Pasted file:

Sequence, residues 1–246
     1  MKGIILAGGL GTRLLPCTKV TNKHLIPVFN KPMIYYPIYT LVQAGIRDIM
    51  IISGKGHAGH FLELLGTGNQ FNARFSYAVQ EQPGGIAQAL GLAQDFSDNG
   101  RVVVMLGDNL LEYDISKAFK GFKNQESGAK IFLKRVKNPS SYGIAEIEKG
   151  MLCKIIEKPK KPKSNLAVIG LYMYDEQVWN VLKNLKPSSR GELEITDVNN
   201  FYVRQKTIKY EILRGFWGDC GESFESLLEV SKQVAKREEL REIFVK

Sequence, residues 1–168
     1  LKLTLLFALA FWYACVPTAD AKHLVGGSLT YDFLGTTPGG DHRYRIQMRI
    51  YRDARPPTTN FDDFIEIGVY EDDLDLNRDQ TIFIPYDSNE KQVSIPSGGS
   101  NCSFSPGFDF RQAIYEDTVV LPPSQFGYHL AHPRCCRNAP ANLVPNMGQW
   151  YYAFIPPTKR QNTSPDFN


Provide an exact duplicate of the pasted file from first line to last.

Sequence, residues 1–246
     1  MKGIILAGGL GTRLLPCTKV TNKHLIPVFN KPMIYYPIYT LVQAGIRDIM
    51  IISGKGHAGH FLELLGTGNQ FNARFSYAVQ EQPGGIAQAL GLAQDFSDNG
   101  RVVVMLGDNL LEYDISKAFK GFKNQESGAK IFLKRVKNPS SYGIAEIEKG
   151  MLCKIIEKPK KPKSNLAVIG LYMYDEQVWN VLKNLKPSSR GELEITDVNN
   201  FYVRQKTIKY EILRGFWGDC GESFESLLEV SKQVAKREEL REIFVK

Sequence, residues 1–168
     1  LKLTLLFALA FWYACVPTAD AKHLVGGSLT YDFLGTTPGG DHRYRIQMRI
    51  YRDARPPTTN FDDFIEIGVY EDDLDLNRDQ TIFIPYDSNE KQVSIPSGGS
   101  NCSFSPGFDF RQAIYEDTVV LPPSQFGYHL AHPRCCRNAP ANLVPNMGQW
   151  YYAFIPPTKR QNTSPDFN